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Salaried People Seek Tax Relief Ahead Of 2024 Polls



Union Budget 2023: Salaried People Seek Tax Relief Ahead Of 2024 Polls

The last Union Budget did not give relief to the middle class

New Delhi:

Will salaried people in India get some respite on income tax? That’s the million-dollar question before every Union Budget.

The last Union Budget did not give relief to the middle class as the government did not announce any change in tax slab or new deductions. 

In the run-up to this year’s Budget, there is a strong buzz that the government may put more disposable income in the hands of the middle class by providing significant relief on income tax.  

“With increasing costs of living and rising interest rates on loans, a relaxation in the income tax rates would help restore the purchasing power of individuals,” hopes Alpa Shah, a social entrepreneur and finance professional from Mumbai. She adds that the Budget must increase the standard deduction limit from Rs 50,000 to Rs 1 lakh.

If this expectation comes true, it will be a major relief for individuals, who have not seen a change in tax rate since 2017-18 and no change in the tax slab since July 2014.  

Even KPMG and Deloitte – two of the Big Four accounting firms – expect tax relief measures.  

“Considering strong tax collections in the current fiscal, there is an increased expectation that relief for individuals may be on the cards, including through an enhancement of the basic exemption limit to Rs five lakh,” KPMG wrote in its budget expectation report.  

Currently, the basic income tax exemption limit is Rs 2.5 lakh.

“The highest tax rate of 30 per cent should be reduced to 25 per cent. The threshold limit for the highest tax rate should be increased from Rs 10 lakh to Rs 20 lakh,” a Deloitte India report read.  

A reduction in income tax is also likely to make India more attractive as an investment destination and prevent the flight of capital abroad.  

“The highest effective income tax rate in India, including surcharge and cess, stands at 42.744 per cent. This rate is much higher than that of Hong Kong (17 per cent), Singapore (22 per cent) and Malaysia (30 per cent),” argues Ms Shah.  

Apart from buoyant tax collections and rising inflation, Anshul Gupta, Co-founder and CIO of Wint Wealth, says that politics may also influence the decision to cut taxes.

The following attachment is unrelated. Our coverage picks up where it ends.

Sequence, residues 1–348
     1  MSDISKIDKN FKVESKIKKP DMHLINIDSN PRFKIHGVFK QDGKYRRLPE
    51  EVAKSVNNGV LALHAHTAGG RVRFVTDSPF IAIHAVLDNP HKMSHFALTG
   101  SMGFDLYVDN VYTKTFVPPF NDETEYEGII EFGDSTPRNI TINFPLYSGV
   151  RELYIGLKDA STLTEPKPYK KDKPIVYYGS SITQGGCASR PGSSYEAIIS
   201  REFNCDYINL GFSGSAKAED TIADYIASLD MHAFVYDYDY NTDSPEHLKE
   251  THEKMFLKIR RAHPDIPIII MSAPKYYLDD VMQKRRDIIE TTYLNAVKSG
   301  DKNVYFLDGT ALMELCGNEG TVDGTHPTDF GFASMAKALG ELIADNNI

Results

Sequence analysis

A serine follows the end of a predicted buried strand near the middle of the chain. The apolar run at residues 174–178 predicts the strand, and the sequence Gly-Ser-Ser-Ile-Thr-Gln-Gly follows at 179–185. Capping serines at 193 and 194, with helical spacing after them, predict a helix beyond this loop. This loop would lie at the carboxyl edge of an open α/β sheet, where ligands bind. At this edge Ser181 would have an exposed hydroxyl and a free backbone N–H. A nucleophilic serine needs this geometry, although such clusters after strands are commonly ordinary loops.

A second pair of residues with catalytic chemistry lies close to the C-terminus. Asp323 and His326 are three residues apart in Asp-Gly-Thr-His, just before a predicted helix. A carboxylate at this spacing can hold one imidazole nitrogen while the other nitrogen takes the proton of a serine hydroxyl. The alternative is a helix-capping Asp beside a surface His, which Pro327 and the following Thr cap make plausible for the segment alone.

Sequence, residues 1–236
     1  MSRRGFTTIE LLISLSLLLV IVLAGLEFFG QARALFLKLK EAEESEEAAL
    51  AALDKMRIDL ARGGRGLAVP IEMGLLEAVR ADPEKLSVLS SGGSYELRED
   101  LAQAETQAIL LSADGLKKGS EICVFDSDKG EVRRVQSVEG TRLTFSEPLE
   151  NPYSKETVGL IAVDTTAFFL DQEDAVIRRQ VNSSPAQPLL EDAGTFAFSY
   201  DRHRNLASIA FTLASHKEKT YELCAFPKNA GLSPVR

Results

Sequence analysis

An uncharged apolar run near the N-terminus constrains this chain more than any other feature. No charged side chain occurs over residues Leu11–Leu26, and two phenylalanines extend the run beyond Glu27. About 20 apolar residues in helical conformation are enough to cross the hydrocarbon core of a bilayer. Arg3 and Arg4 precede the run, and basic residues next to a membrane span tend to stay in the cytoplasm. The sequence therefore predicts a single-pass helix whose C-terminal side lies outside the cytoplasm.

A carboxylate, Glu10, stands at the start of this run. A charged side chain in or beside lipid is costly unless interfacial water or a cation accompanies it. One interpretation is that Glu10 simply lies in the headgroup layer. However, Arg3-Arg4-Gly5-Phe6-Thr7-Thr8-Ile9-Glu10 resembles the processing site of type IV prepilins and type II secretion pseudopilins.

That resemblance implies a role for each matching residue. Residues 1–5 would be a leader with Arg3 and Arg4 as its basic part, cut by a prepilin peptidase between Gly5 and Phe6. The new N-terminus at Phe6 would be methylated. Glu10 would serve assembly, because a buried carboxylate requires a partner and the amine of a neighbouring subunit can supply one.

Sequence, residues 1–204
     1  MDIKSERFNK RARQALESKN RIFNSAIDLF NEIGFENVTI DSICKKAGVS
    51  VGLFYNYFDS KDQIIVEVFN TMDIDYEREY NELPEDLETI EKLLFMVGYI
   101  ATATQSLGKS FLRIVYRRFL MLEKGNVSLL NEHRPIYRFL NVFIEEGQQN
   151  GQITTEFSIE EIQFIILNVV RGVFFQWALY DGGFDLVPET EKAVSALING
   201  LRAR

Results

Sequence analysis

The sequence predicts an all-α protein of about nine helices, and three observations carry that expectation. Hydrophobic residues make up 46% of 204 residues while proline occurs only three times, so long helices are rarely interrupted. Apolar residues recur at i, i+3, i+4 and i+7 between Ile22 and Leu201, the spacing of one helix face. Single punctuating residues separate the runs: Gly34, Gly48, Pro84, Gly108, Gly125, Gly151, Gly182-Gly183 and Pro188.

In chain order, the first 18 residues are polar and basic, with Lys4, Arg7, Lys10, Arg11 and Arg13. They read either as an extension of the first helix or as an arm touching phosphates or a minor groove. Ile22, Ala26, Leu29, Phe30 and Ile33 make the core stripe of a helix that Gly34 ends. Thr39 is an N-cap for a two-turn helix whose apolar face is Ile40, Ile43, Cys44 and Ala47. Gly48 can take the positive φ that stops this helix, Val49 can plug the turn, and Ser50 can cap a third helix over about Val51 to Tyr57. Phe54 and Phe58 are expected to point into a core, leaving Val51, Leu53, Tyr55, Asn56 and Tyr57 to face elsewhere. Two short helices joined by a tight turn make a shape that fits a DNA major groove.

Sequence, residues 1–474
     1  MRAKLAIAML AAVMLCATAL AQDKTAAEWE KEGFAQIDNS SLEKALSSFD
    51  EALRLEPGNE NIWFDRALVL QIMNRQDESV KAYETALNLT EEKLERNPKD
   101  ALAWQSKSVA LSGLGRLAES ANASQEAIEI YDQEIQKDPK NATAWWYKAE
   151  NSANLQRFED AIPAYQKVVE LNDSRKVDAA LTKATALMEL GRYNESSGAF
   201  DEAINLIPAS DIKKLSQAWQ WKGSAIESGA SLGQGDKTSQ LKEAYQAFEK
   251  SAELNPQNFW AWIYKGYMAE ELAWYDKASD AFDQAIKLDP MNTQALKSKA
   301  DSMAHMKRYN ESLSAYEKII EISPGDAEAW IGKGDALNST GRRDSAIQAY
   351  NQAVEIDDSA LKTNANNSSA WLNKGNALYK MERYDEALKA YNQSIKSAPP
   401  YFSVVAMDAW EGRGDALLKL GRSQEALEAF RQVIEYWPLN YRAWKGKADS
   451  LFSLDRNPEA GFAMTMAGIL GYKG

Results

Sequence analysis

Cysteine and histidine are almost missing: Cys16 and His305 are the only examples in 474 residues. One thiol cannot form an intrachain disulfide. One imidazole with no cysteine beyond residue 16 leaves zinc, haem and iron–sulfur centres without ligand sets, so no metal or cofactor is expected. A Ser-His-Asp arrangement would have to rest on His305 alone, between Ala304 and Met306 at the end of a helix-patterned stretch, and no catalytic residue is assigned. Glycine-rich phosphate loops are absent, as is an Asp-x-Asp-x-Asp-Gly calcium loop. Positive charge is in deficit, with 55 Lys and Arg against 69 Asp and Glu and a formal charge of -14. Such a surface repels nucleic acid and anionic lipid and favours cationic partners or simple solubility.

“This is the last full budget before the Lok Sabha elections next year. So, it makes sense for the government to give tax relief,” says Mr Gupta. 

Noting that the 80C limit – expenditures and investments exempted from Income Tax – has remained unchanged since 2014, he adds that the Rs 1.5 lakh 80C limit in real terms is now around Rs 82,000. 

According to the government, 5.8 crore people filed their income tax returns for 2021-22. This is just 4-5 per cent of the population. A significant chunk of the income tax is paid by people earning a monthly salary, who largely represents India’s middle-class population.  

But a downturn in the global economy looms large and the government also needs to manage its fiscal deficit which is expected to 6.4 per cent in FY 2023. The government will need to do a fine balancing act of protecting the economy from potential shocks in 2023-24 and providing tax relief to salaried people.

“There is a good chance that the Union Budget will focus more towards schemes and subsidies that cover larger population which form the vote bank instead of salaried class,” says Mr Gupta, adding that a tax cut looks unlikely ahead of the 2024 Lok Sabha polls.

Taxpayers may have to keep waiting for any relief if the government chooses to prioritise heavy expenditure on public infrastructure in anticipation of a possible global slowdown.

“The government will need plenty of funds for such capital expenditure…The exchequer will put efforts into ramping up the revenue. I don’t see many possibilities for any remarkable reduction in the tax rate,” Naveen Wadhwa of Taxmann was quoted by Fortune India as saying.

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